2020 Hyundai Sonata, Kia Optima Getting AWD In South Korea

2020 Hyundai Sonata, Kia Optima Getting AWD In South Korea
Joined at the hip, both the Sonata and Optima will receive all-wheel drive in South Korea. The local media is talking about electronically-control AWD, and the Kia is expected to receive the system first.

2020 Hyundai Sonata, Kia Optima Getting AWD In South Korea

Known as the K5 in South Korea, the fourth generation of the Optima has been around since 2015. A mid-cycle refresh has been introduced in 2018, and given the underpinnings of the 2020 Hyundai Sonata, there’s a change a-comin’ at Kia Motors in the not-so-distant future.

Pre-production mules of the Optima reveal a fastback-inspired silhouette, a more conservative approach compared to the Sonata. Design is central to Kia for a few years now, and given the dwindling sales of sedans, the automaker from Seoul is pulling every trick in the book in regard to styling.

ETNEWS reports the Optima and Sonata will feature an electric coupling for their all-wheel drive. This piece of technology distributes the power between the front and rear axles of the mid-size sedan, and the publication also talks about driving modes such as Eco and Sport.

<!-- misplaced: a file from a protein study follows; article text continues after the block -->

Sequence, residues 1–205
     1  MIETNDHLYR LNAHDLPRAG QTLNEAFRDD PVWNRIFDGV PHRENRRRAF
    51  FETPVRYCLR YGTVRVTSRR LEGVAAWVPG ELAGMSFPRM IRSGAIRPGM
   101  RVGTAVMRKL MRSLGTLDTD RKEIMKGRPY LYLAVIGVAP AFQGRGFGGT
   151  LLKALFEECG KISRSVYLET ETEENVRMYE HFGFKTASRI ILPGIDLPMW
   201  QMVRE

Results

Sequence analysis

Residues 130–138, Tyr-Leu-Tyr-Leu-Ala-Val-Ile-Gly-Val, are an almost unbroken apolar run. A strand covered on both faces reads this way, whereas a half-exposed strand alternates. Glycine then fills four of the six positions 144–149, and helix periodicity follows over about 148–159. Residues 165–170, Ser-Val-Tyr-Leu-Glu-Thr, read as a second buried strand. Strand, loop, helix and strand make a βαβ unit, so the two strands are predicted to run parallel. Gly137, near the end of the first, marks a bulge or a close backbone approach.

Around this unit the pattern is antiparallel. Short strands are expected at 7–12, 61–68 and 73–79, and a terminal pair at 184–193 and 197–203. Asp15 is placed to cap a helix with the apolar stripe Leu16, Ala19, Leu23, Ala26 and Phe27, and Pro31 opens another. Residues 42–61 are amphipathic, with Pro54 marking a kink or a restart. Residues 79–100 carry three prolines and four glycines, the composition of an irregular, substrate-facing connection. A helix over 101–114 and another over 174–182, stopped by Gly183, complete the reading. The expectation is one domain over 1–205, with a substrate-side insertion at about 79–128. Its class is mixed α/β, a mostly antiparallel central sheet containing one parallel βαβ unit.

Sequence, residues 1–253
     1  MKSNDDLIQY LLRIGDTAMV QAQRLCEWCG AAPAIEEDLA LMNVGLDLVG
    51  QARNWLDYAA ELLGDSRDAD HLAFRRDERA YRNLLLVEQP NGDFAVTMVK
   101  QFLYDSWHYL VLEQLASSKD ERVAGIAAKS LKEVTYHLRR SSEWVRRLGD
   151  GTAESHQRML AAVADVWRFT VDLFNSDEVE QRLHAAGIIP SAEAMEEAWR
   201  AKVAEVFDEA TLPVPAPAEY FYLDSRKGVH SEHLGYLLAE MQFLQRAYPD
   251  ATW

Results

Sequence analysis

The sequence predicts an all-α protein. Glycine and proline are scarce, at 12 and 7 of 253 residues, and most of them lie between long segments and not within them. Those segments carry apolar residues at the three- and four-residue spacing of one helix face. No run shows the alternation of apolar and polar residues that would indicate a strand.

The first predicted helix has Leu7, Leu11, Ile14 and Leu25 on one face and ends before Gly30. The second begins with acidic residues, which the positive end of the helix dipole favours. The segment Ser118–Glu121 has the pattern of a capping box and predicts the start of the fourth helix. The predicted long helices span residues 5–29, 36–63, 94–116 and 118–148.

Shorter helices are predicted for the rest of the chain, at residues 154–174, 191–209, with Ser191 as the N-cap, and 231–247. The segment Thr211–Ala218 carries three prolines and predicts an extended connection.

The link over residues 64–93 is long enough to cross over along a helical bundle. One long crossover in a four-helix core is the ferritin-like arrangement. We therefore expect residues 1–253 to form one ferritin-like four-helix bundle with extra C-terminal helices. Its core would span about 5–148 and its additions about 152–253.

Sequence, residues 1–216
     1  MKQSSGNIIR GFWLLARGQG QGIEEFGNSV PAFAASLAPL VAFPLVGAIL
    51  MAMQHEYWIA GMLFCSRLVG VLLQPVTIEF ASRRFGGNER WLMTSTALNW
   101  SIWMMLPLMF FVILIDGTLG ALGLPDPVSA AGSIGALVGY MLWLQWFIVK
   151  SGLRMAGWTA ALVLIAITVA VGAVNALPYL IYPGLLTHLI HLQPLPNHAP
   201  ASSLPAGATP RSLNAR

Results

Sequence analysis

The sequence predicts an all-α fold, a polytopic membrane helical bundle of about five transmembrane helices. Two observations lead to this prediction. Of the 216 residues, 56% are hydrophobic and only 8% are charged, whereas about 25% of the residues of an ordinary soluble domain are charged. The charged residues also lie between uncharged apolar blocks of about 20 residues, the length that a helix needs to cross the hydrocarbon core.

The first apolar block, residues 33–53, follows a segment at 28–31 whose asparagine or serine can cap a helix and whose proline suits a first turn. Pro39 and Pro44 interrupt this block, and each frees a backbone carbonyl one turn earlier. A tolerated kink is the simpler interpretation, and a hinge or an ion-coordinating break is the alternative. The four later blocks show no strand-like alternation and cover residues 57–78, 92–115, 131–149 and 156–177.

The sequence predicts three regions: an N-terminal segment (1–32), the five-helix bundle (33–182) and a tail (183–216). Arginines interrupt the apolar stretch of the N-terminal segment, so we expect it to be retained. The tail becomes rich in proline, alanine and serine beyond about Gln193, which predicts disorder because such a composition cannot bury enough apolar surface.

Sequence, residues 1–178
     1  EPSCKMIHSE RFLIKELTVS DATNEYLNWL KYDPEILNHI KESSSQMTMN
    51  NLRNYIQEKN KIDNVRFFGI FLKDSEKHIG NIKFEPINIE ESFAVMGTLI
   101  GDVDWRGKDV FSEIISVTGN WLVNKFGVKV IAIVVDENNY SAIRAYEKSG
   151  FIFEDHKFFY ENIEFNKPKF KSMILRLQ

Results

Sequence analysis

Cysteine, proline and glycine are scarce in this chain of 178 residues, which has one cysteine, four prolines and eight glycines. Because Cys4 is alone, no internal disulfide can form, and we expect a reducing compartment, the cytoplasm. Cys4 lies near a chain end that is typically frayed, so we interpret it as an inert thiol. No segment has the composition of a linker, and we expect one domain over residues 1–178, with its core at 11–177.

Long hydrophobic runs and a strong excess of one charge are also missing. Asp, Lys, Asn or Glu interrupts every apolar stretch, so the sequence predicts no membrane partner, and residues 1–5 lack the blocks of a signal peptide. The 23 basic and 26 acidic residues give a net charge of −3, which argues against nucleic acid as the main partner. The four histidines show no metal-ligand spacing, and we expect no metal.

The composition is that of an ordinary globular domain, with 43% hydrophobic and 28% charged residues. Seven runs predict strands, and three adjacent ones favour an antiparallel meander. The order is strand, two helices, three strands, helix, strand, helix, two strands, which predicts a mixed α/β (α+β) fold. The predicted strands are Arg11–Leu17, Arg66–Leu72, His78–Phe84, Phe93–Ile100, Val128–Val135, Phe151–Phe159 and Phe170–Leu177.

Kia’s latest venture in all-wheel-drive technologies is D-AWD in the Stinger GTS. Revealed at the 2019 New York International Auto Show with a sticker price of $46,500, the special edition “sends up to 100 percent of the power to the rear wheels.” Hyundai is reviewing all-wheel drive for the U.S. and Canada as well, which means trouble for the Altima.

Nissan made a bit of a fuss about all-wheel drive in the mid-size sedan, but the optional drivetrain isn’t available with the VC-Turbo engine. Only the 2.5-liter can be paired to Intelligent All-Wheel Drive, and over in Canada, this combo comes standard.

Given the 2020 Subaru Legacy, it won’t be easy for Hyundai and Kia to make a splash in North America with AWD in the Sonata and Optima. On the other hand, it is believed that pricing will favor the two automakers over Subaru and Nissan. Better still, South Korea offers a good ol’ automatic while the Japanese can’t get enough of their continuously variable transmissions.

Leave a Reply